Essays and peer-reviewed scholarship in Yiddish Studies, an interdisciplinary field that engages all aspects of Yiddish cultural production, especially in its relationship to other cultures and languages.

Click here for a separate listing of open-access, peer-reviewed articles.


“To what might the yard have been compared?”

Ach, the things a poor tai­lor has lived to see! We live in times when the coats go around mak­ing them­selves.” A review of a recent trans­la­tion of Kul­bak’s Zel­menyan­er.


“The Worst Good Idea Ever”? The Birobidzhan Project and Soviet Jewish Culture

Masha Gessen’s new book explores the his­to­ry of the Jew­ish Autonomous Region of Biro­bidzhan through the sto­ry of David Bergel­son and Simon Dub­now, whose thought and writ­ing influ­enced its development.



In time for the one hun­dredth anniver­sary of the Octo­ber rev­o­lu­tion, Dovid Bergel­son’s nov­el Mides-hadin is out in a new trans­la­tion by Har­ri­et Murav and Sasha Senderovich. 


How to be Both: Officials and Artists Vying for the Limelight

May­hill Fowler’s book shines light on the blind spots of nation­al cul­tur­al his­to­ries of turn of the cen­tu­ry Ukraine, fol­low­ing the often uneasy inter­face between author­i­ties and art institutions.


Review of Der Nister’s Soviet Years: Yiddish Writer as Witness to the People by Mikhail Krutikov.

Krutikov’s philo­log­i­cal skillset and metic­u­lous archival research shine through­out this book, a land­mark study of both Der Nis­ter and Yid­dish lit­er­a­ture under Stalin.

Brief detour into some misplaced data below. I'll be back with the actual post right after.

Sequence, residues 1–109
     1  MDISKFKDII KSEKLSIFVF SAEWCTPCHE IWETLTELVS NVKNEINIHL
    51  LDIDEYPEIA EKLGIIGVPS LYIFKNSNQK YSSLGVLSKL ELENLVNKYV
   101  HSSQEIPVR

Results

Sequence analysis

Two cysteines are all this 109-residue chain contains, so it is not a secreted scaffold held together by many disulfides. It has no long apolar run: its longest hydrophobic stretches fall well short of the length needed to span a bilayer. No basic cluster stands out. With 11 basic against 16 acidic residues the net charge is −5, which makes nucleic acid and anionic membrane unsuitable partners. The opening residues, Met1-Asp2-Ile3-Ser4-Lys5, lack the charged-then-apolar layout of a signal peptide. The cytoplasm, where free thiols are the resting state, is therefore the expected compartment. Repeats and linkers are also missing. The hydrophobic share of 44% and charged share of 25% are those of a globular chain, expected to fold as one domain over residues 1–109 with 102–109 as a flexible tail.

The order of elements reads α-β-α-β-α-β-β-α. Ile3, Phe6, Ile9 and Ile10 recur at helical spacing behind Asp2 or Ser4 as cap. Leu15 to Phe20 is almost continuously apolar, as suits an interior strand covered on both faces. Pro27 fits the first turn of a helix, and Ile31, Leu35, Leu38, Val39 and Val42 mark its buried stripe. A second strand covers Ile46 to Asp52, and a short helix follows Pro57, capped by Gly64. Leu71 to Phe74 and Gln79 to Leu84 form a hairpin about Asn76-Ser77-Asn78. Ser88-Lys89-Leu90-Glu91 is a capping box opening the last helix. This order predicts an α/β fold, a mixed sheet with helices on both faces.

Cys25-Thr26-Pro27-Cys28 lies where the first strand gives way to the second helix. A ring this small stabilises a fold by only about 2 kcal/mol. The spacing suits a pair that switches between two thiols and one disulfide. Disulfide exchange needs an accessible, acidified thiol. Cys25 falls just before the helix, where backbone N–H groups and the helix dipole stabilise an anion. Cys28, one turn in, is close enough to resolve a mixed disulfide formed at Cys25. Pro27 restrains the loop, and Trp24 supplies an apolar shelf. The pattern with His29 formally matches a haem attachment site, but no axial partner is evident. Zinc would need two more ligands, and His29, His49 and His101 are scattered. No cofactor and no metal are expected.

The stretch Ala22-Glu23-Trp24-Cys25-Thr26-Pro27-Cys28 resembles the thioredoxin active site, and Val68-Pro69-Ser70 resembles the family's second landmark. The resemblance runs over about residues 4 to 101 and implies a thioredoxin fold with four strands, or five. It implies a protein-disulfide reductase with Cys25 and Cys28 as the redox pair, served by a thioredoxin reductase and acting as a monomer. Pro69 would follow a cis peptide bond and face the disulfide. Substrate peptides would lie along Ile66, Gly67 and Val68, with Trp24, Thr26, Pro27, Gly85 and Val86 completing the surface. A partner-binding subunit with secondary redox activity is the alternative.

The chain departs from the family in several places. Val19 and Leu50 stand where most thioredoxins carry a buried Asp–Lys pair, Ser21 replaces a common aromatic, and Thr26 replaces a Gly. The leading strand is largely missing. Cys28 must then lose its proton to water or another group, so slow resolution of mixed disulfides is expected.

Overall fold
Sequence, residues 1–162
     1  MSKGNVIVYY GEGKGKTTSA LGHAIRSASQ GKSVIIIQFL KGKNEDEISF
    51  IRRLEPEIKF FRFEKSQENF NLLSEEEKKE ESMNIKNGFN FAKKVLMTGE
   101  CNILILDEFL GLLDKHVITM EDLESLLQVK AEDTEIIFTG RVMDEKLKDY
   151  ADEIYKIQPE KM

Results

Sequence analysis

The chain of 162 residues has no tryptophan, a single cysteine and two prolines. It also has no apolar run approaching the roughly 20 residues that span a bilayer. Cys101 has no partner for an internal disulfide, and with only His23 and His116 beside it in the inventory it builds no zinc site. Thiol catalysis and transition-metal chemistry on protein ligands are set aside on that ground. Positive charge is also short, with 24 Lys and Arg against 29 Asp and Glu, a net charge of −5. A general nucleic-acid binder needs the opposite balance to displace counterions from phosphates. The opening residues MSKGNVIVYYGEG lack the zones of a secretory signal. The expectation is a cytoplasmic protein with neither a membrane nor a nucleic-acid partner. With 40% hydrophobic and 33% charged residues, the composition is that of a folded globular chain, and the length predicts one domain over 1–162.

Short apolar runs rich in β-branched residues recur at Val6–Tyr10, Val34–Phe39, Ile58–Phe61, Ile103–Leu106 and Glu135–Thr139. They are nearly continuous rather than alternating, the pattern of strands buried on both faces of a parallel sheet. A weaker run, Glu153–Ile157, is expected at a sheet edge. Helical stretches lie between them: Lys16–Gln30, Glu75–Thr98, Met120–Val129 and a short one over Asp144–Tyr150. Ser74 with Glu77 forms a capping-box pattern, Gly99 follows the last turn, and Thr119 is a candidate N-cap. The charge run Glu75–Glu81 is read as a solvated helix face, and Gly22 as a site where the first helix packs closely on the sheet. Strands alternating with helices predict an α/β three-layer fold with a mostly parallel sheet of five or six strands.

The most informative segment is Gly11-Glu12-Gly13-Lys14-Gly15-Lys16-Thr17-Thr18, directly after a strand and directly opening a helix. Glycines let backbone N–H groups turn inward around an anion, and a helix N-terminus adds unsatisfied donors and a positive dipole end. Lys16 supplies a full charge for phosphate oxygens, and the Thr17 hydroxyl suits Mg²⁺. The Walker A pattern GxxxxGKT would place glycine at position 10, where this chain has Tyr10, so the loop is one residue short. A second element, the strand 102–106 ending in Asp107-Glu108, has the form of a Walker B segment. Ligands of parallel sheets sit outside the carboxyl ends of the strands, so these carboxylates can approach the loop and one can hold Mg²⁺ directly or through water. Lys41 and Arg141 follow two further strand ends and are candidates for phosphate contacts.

Sisyphus: A Review of Harriet Murav's David Bergelson’s Strange New World: Untimeliness and Futurity

With this mon­u­men­tal study, Har­ri­et Murav pro­vides the first com­pre­hen­sive lit­er­ary biog­ra­phy of Bergel­son and a rich inter­cul­tur­al con­tex­tu­al­iza­tion of the Yid­dish writer’s work


‘Brother Jews of the Entire World!’ Bergelson, Hofshteyn, and Soviet-Yiddish in the Worldwide Jewish Family

This arti­cle looks at the wartime artis­tic and jour­nal­is­tic out­put of Dovid Bergel­son and Dovid Hof­shteyn to see how these writ­ers appro­pri­at­ed Sovi­et ter­mi­nol­o­gy to paint Sovi­et Jews as the elder broth­ers in a world­wide Jew­ish family.


Review of Sasha Senderovich's How the Soviet Jew Was Made

In this recent­ly-pub­lished study, Senderovich chal­lenges this fixed notion of the Sovi­et Jew, and recounts a com­plex pre­his­to­ry of the Sovi­et Jew in the imme­di­ate con­text of inter­war Sovi­et culture.